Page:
|China Table of Contents
Although Chinese families continue to be marked by respect for parents and a substantial degree of filial subordination, parents have weighty obligations toward their children as well. Children are obliged to support parents in their old age, and parents are obliged to give their children as favorable a place in the world as they can. In the past this meant leaving them property and providing the best education or training possible. For most rural parents today the choice of a career for their children is not a major issue. Most children of peasants will be peasants like their parents, and the highest realistic ambition is a position as a lowlevel cadre or teacher or perhaps a technician. The primary determinant of a rural child's status and well-being remains his or her family, which is one reason for the intense concern with the marriage choices of sons and daughters and for the greater degree of parental involvement in those decisions.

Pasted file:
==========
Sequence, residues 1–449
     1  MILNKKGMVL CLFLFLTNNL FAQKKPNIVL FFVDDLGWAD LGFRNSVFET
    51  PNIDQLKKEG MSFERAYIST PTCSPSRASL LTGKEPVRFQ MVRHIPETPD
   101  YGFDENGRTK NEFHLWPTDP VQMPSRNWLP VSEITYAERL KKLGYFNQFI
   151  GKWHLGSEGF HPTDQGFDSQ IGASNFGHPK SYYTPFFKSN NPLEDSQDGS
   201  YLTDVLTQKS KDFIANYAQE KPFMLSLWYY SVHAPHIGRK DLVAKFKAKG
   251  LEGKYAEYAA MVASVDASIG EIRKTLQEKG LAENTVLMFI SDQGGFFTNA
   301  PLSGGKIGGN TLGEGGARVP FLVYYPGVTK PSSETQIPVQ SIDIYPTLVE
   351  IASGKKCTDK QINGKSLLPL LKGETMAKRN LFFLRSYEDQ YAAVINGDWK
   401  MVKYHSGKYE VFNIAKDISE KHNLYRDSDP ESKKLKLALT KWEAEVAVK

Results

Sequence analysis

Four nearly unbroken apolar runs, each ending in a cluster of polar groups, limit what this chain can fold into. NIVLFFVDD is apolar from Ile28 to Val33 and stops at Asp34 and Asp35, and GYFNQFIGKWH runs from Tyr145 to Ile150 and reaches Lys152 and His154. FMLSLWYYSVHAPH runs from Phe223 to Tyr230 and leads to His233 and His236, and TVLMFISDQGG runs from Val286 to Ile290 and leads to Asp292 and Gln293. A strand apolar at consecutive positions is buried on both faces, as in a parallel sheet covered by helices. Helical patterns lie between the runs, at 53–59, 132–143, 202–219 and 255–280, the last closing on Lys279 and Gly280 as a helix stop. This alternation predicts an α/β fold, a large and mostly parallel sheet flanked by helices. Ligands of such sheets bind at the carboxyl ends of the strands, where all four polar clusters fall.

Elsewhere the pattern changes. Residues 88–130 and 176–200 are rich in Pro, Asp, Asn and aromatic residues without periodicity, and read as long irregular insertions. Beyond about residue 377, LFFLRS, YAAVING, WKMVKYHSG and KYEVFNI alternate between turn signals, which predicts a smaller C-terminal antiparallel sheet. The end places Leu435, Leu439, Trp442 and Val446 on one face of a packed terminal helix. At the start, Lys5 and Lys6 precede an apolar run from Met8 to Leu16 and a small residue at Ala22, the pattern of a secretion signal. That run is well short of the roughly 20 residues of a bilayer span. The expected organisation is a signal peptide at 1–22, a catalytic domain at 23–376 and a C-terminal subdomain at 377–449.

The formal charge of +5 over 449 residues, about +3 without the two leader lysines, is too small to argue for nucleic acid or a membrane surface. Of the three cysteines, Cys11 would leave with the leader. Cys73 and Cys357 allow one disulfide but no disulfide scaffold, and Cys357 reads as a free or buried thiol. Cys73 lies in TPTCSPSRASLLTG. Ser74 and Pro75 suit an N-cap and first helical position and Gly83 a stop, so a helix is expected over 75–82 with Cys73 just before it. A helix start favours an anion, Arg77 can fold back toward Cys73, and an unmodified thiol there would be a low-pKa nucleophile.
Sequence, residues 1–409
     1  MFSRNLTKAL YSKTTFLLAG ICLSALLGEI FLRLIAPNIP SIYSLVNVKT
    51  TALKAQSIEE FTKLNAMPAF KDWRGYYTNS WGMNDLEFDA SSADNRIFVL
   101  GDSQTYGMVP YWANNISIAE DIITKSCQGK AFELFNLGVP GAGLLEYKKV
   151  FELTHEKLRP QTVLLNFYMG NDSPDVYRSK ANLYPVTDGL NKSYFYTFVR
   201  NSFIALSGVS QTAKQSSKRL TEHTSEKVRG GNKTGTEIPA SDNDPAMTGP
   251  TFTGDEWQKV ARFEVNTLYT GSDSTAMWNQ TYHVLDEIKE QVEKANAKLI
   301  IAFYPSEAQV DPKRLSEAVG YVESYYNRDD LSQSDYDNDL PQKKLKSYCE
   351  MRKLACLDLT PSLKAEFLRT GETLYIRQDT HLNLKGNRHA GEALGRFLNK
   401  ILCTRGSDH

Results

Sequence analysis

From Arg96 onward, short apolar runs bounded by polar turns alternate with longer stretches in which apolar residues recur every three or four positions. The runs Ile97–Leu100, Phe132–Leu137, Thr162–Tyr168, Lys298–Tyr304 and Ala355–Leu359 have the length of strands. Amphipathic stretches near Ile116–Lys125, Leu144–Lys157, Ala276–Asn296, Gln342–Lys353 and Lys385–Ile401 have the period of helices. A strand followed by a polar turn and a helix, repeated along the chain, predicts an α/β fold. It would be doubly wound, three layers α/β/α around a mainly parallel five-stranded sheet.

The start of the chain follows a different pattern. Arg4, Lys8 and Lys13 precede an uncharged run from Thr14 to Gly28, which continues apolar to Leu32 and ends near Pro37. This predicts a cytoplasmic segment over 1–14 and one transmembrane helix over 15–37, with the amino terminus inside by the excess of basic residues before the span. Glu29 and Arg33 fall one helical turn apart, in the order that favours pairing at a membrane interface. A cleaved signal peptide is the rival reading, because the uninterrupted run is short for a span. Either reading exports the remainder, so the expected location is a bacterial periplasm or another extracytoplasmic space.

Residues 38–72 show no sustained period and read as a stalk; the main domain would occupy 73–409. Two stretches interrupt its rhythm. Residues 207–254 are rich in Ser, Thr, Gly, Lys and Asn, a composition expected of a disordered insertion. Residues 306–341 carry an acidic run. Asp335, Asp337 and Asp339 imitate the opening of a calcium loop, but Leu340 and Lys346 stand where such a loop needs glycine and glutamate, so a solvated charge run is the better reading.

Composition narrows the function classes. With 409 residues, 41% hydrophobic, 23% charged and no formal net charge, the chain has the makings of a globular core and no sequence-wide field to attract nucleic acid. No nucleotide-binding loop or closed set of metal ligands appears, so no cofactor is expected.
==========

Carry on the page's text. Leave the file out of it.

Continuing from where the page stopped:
Urban parents are less concerned with whom their children marry but are more concerned with their education and eventual careers. Urban parents can expect to leave their children very little in the way of property, but they do their best to prepare them for secure and desirable jobs in the state sector. The difficulty is that such jobs are limited, competition is intense, and the criteria for entry have changed radically several times since the early 1950s. Many of the dynamics of urban society revolve around the issue of job allocation and the attempts of parents in the better-off segments of society to transmit their favored position to their children. The allocation of scarce and desirable goods, in this case jobs, is a political issue and one that has been endemic since the late 1950s. These questions lie behind the changes in educational policy, the attempts in the 1960s and 1970s to settle urban youth in the countryside, the upheaval of the Cultural Revolution, and the post-1980 encouragement of small-scale private and collective commerce and service occupations in the cities. All are attempts to solve the problem, and each attempt has its own costs and drawbacks.
Source: U.S. Library of Congress